• Subject: RE: Access & Scaling
  • From: Walden Leverich <walden@xxxxxxxxxxxxxxx>
  • Date: Thu, 14 Jan 1999 22:47:52 -0500

Dean,

You are comparing apples and oranges here. While you say that the VB program
was stripped of its SQL it was also stripped of its "data widgets." Data
widgets (aka bound controls) are really cool from a prototyping point of
view, but I've found them to be an absolute pig at a production level. More
direct data access may have saved your VB app. Also, why was the VB app
going to SQL server to then go to Oracle, seems like it was jumping through
hoops to get the data. 

-Walden

-----Original Message-----
From: DAsmussen@aol.com [mailto:DAsmussen@aol.com]
Sent: Friday, January 08, 1999 9:51 PM
To: MIDRANGE-L@midrange.com
Subject: Re: Access & Scaling


Bruce,

In a message dated 1/8/99 2:49:05 PM Eastern Standard Time,
crashshw@ix.netcom.com writes:

> I think most of us really understand the Access is a desktop solution not
a
>  fullon "enterprise" solution. Now, MS sells SQL as its "enterprise" tool;
>  so, what is your experience and opinion of SQL v6.5 or better yet v7.0
vs.
>  DB2/400. I think that's more of an apples to apples comparison than
Access
>  vs. DB2/400.( Not that I think it's a perfect matchup but I'm trying to
be
>  non-partisan here). While we're at this debate, how come nobody has
>  mentioned anything about Oracle/Unix or this a MS bashing rave?

During a project less than two years ago, the client hired an Access
consulting "guru" to build a consolidated material planning system to run
over
the LAN.  With 9K records (that needed to be consolidated, selected, and
ordered) and one user, the application absolutely died.  Shortly after
completion, the client hired a full time employee with Access experience who
quickly determined that the "guru" had used the older 1.x data access
methods
instead of those inherent with Access 2.x -- after changing out for 2.x
methods, the application (still with one user) might actually have been
mistaken for being alive by someone not paying close attention.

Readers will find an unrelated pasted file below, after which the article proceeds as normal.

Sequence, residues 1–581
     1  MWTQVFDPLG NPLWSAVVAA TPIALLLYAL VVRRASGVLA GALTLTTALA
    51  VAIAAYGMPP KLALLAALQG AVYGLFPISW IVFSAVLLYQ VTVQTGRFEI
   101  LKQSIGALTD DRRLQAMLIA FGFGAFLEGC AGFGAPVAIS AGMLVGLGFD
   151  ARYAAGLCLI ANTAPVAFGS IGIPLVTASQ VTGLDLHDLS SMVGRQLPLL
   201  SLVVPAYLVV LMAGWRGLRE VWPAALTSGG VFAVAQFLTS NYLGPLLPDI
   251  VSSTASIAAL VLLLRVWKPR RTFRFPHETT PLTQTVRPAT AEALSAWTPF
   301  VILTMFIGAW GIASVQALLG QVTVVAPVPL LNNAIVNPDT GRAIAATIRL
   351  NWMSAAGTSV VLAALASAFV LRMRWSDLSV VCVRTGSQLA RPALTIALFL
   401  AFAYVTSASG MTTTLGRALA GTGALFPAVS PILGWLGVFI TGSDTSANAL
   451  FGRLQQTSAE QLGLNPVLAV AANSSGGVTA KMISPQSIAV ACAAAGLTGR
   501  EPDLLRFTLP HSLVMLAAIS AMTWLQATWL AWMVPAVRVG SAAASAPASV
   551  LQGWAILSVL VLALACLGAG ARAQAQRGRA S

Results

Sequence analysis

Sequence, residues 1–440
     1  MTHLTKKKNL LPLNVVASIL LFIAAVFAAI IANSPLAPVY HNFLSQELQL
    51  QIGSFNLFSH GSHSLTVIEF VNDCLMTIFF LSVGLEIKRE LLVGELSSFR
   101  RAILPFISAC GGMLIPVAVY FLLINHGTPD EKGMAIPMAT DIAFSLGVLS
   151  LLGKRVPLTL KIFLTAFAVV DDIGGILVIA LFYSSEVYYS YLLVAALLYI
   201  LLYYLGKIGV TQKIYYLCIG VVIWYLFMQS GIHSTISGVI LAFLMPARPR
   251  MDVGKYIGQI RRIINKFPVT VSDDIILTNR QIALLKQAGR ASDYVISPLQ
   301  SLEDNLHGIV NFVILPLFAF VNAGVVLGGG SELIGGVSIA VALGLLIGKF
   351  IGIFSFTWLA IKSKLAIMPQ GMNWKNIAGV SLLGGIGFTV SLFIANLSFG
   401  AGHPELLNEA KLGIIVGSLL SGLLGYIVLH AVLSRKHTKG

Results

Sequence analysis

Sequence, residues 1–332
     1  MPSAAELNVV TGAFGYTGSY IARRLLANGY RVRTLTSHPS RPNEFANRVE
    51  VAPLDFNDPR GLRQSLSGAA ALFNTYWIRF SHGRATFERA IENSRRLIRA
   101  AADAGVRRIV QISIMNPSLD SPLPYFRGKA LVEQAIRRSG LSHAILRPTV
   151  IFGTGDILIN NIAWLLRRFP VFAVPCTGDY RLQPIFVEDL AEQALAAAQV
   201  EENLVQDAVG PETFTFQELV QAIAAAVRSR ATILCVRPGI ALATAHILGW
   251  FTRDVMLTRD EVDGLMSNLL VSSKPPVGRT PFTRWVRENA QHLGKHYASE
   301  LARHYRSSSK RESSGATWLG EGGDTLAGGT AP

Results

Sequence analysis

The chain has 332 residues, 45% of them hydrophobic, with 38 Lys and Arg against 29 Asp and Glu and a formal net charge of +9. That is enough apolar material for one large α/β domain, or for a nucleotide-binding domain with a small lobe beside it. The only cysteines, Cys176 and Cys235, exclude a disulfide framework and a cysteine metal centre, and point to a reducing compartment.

New employee also knew VB, so the Access application was rewritten in VB 4
using "data widgets" and an SQL server 6.x access to an Oracle database on
the
LAN.  With the same one user and data requirements, the application appeared
to be either near death or on an extremely large dose of NyQuil.  The VB
application was stripped of its SQL and its data accesses rewritten to use
ESS/400 pointing at the AS/400 (model 320, 4-way) with some data access
programs written in OPM RPG resident on the /400 to subset the data and the
planning system ABSOLUTELY SCREAMED!

To be fair, LAN applications at the time ran through a rather constrained
gateway instead of the IP addressing used now.  Still, and I don't pretend
to
know how LANs are architected beyond NOS and protocol, AS/400 connections
were
running through that same gateway.  Why should the application run so much
faster on the /400 from the same PC's that performed so poorly on the LAN?
I
don't pretend to know.  I _DO_ know that, despite recent OS/400 performance
enhancements, SQL still runs _MUCH_ slower on the /400 than it does on other
platforms according to those that should know.

I don't know that this is an "MS bashing" thread.  It's just that AS/400
professionals are more likely to have dealt with Micro$oft products than any
other.  IBM offers support for MS products, and some number of people (of
which Bill Gates does not seem to be aware) run some flavor of the MS
operating system on their PC's.  We tend to try to work with what we already
have, rather than paying a huge site license for some other product.

JMHO,

Dean Asmussen
Enterprise Systems Consulting, Inc.
Fuquay-Varina, NC  USA
E-Mail:  DAsmussen@aol.com

"A closed mouth gathers no feet." -- Anonymous
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